COVID is killing the nation's workforce — The Supreme Court needs to act now

American workers are dying at an unprecedented rate — thousands of healthcare workers have already been killed by COVID-19. The Supreme Court may allow this to continue.

On Monday, the Centers for Disease Control and Prevention reported 807,050 healthcare worker infections and 3,067 deaths. But they acknowledge that this is a vast undercount — the tally is based on fewer than 20 percent of COVID-19 case reports that list the occupation of the infected person. The actual count could be 4-5 times greater. Unofficial tallies have counted twice as many deaths as the CDC. Still, even the lower number is 30 times higher than usual — the U.S. Bureau of Labor Statistics reported only 94 healthcare work-related deaths in 2019. 

The pandemic has resulted in perhaps the greatest workplace catastrophe in American history.


The lack of federal protection for healthcare workers during the first 18 months of the pandemic has been shocking. The SARS-CoV2 virus reached the U.S. in January 2020. On March 13, 2020, President TrumpDonald TrumpFormer chairman of Wisconsin GOP party signals he will comply with Jan. 6 committee subpoena Overnight Defense & National Security — Pentagon tells Russia to stand down Billionaire GOP donor maxed out to Manchin following his Build Back Better opposition MORE declared the COVID-19 pandemic a national emergency. But despite regulatory requirements, in May 2020, the Occupational Safety and Health Administration (OSHA) chose not to collect reports of healthcare worker cases or deaths, using the excuse that they could not determine where they were infected, even though they categorized the healthcare setting as ‘very high exposure risk.’ It wasn’t until September 2020, after multiple lawsuits from industries demanding greater COVID-19 safety oversight, that OSHA began consistently issuing COVID-19–associated healthcare workplace safety citations.

After thousands of documented healthcare worker deaths, the federal government under the new Biden administration acted to protect workers. On June 21, OSHA adopted a Healthcare Emergency Temporary Standard protecting workers from COVID and requiring case reporting in healthcare settings. In September, President BidenJoe BidenFormer chairman of Wisconsin GOP party signals he will comply with Jan. 6 committee subpoena Romney tests positive for coronavirus Pelosi sidesteps progressives' March 1 deadline for Build Back Better MORE issued an executive order requiring that all federal contractors require COVID vaccination for their employees. Finally, in November, the Centers for Medicare and Medicaid Services promulgated a rule requiring healthcare and nursing home workers to be vaccinated against COVID-19 to protect the workers and those under their care.  

And yet, as soon as the rules were issued, dozens of businesses and Republican-led states filed suits to stop them.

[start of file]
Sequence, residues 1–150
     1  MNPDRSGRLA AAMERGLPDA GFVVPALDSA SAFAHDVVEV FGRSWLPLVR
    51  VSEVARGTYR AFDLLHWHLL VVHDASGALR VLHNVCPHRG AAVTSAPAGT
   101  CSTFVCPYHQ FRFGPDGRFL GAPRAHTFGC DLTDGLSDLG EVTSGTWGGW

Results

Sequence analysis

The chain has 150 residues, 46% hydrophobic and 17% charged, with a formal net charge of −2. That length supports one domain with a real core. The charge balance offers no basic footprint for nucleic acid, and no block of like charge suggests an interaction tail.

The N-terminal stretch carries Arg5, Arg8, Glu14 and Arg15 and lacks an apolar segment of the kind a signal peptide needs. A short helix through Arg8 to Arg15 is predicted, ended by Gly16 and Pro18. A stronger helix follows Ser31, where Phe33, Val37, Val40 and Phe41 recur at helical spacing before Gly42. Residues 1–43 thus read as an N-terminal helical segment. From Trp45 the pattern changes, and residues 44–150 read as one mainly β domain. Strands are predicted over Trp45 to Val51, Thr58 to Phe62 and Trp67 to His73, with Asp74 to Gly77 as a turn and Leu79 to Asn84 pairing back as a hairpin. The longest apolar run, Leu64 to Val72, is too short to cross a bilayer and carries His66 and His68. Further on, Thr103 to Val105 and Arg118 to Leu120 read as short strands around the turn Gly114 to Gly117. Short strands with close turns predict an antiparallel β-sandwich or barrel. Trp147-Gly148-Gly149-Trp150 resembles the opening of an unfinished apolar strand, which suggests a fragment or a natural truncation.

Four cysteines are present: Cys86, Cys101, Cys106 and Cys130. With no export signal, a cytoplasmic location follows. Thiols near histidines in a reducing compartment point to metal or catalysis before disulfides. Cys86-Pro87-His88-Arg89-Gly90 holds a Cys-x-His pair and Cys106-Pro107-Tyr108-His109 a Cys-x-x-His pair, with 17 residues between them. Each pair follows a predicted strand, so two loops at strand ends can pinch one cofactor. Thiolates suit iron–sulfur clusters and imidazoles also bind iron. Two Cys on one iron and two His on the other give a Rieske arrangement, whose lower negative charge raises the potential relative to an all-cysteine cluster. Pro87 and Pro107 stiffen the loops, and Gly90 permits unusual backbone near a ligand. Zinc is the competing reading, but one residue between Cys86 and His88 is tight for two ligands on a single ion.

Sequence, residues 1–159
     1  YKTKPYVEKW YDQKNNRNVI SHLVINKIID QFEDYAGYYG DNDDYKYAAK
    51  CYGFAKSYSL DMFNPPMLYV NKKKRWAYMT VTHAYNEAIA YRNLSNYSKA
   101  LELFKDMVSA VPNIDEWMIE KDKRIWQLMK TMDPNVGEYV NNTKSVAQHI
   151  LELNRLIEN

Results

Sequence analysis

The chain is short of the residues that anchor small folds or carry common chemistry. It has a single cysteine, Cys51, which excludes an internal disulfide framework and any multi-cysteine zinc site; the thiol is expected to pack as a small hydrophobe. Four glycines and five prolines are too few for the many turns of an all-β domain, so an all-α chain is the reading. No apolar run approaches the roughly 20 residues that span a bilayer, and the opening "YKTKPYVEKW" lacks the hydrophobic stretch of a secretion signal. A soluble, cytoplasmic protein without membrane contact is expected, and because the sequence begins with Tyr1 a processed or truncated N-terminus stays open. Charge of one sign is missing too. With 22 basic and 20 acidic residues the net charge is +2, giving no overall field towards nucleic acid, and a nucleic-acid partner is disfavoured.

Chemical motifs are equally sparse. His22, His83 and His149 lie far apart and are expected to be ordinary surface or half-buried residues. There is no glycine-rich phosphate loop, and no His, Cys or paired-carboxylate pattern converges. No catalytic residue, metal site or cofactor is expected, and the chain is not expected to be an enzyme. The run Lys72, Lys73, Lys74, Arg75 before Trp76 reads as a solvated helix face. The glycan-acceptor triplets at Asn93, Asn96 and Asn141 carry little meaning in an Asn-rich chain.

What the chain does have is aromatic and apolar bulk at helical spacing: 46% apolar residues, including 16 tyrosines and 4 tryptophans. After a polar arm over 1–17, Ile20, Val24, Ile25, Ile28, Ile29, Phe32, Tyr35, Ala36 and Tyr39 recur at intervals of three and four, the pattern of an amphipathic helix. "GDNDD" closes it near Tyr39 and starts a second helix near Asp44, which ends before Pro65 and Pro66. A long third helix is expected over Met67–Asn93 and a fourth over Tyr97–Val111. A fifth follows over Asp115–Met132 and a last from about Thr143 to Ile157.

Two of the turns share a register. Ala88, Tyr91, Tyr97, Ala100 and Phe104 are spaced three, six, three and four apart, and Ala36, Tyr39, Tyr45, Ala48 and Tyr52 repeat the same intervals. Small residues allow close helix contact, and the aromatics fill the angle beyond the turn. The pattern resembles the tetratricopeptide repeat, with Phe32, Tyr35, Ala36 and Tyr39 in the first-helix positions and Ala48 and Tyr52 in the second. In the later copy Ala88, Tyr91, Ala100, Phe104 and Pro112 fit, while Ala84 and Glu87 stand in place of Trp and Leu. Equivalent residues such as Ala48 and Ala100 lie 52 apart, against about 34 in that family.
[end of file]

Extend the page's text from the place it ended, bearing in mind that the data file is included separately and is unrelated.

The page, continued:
OSHA and CMS clearly have the authority to safeguard workers and the safety of healthcare settings. OSHA has a long history of regulating other infectious pathogens to protect workers, and the Occupational Safety and Health Act of 1970 gives the agency the ability to promulgate emergency temporary standards to mitigate “grave dangers” in the workplace. Congress also granted Medicare and Medicaid programs the authority to require healthcare settings to meet standards “necessary in the interest of the health and safety” for their recipients. What could be more grave than 100 healthcare worker deaths a week during the pandemic peaks or the potential deaths of thousands of high-risk elderly and chronically-ill people covered by Medicare and Medicaid?

COVID-19 vaccines are remarkably safe and clearly save lives. Although masks and social distancing have some benefits, the science is certain that vaccinations reduce death and infection rates by up to 95 percent. Vaccine mandates also work. Despite a very vocal minority of opponents, upwards of 90 percent of employees in multiple workplace settings accepted vaccination after mandates were implemented.


It’s been almost two years, but we are still in an emergency. As of today, more than 1,400 Americans are dying from COVID-19 every day. As recently as September, the CDC was reporting more than 100 healthcare worker deaths a week. And now the omicron surge is upon us. Hospitals are overwhelmed across the nation. Healthcare workers are sick, dying, depressed. We cannot turn a blind eye to these horrible facts.  

Within days, the Supreme Court will rule on the lawsuits against the OSHA and CMS rules. If the justices uphold the suits and undermine these critical protections, thousands more workers and high-risk individuals will die. If the federal agencies mandated to protect workers and the population cannot take action during this national emergency, when can they?  

The Supreme Court must let agencies act on the best scientific evidence available to save lives now and during any future public health crisis. Too many lives are at risk.

Thomas D. Kirsch, MD, MPH, is a professor of Emergency Medicine at the George Washington University School of Medicine. He is a disaster scientist and the author of more than 150 scientific publications and popular essays. Twitter: @DisasterProf